Homily at the Liturgy, January 8, 2011—the second day of Christmas, and the 85th anniversary of the birthday of Metropolitan Pitirim (Nechayev)

In the name of the Father, the Son, and the Holy Spirit.

Today, on the second day of Christmas, the Gospel is read in church about how the Mother of God and holy righteous Joseph fled with the Christ Child from Herod to Egypt.

But how many pious, good people remained in Israel then! How many innocent victims, beginning with the infants of Bethlehem, were slain by the evil wrath of King Herod!

Many years later, this would be repeated in the history of our Fatherland, Russia, when the successors of those ancient fighters against God would take over that nation. Then, many Christians in our land endured merciless persecutions from the descendants and heirs of King Herod.

But the Lord did not allow them to slay every Christian. Those who remained in Russia had to live on. They had to preserve until their very deaths the most important thing—faith in God, to preserve Christ in their souls as the apple of their eye. At the same time, they could not succumb to either sweet promises, nor to fierce rulers who tried to force them to bow down to Herod. “The Mother of God does not will it!” said the character in Puskhin’s Boris Godunov, in a phrase taken from folk tradition. Orthodox people survived, preserving their faith and hope. Under difficult conditions and circumstances unimaginable to us, they carried on their service blessed by the Lord.

Today we remember one of such people. Metropolitan Pitirim (Nechayev) was just such a person, who together with his family lived in Russia, preserved the faith, and preserved the Church for his deceived contemporaries and for the future generations. Just like the one about whom it was said in ancient Israel: In Rama was there a voice heard, lamentation, and weeping, and great mourning, Rachel weeping for her children, and would not be comforted, because they are not (Mt. 2:18), the same could be said of our nation. Many thousands of people were killed, hundreds of thousands of people were sent to prisons and concentration camps. Met. Pitirim’s father had to go through all of this, as did many of his friends and relatives. When he had grown to be a youth, the future metropolitan chose during those difficult times the path of service to God—a path that many of his ancestors had chosen before him. As I recall, his family’s priestly dynasty went back no less than three hundred years. The capable young man was an excellent student of a secular institute, but when the Church called him he did not hesitate a minute, and stepped upon the way of the cross. This path was not only misunderstood by many, it was slandered and subjected to base, malignant gossip.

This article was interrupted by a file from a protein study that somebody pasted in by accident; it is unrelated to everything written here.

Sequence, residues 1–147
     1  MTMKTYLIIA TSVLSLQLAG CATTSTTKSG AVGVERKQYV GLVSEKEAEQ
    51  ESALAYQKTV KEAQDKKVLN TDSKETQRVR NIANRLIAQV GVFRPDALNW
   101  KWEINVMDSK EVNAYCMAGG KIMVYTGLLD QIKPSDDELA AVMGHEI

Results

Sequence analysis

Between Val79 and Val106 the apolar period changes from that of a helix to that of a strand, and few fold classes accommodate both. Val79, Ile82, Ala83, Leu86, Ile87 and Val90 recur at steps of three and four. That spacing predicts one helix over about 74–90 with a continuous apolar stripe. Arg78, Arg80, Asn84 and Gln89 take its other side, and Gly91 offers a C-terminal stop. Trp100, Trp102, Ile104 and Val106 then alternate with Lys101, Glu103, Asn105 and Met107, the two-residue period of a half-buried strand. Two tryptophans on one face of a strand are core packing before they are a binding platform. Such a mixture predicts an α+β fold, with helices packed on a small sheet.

Metropolitan Pitirim and everyone near him knew quite well what they were doing and what awaited them. It would have been much easier to remain a secret Christian, to become an engineer, which is what he was studying to be at the institute. He could have gone to church from time to time, without forgetting God. A promised career was in store for him—with his abilities he could have had a much more peaceful and comfortable life.

But Constantine Nechayev, which is what Vladyka Pitirim was called in the world, chose another path—to be true to his faith in Christ among his own people, during the reign of Herod. He and his co-strugglers heard the call of Patriarch Tikhon, who said, “May my name perish from history, but the may the Church benefit.”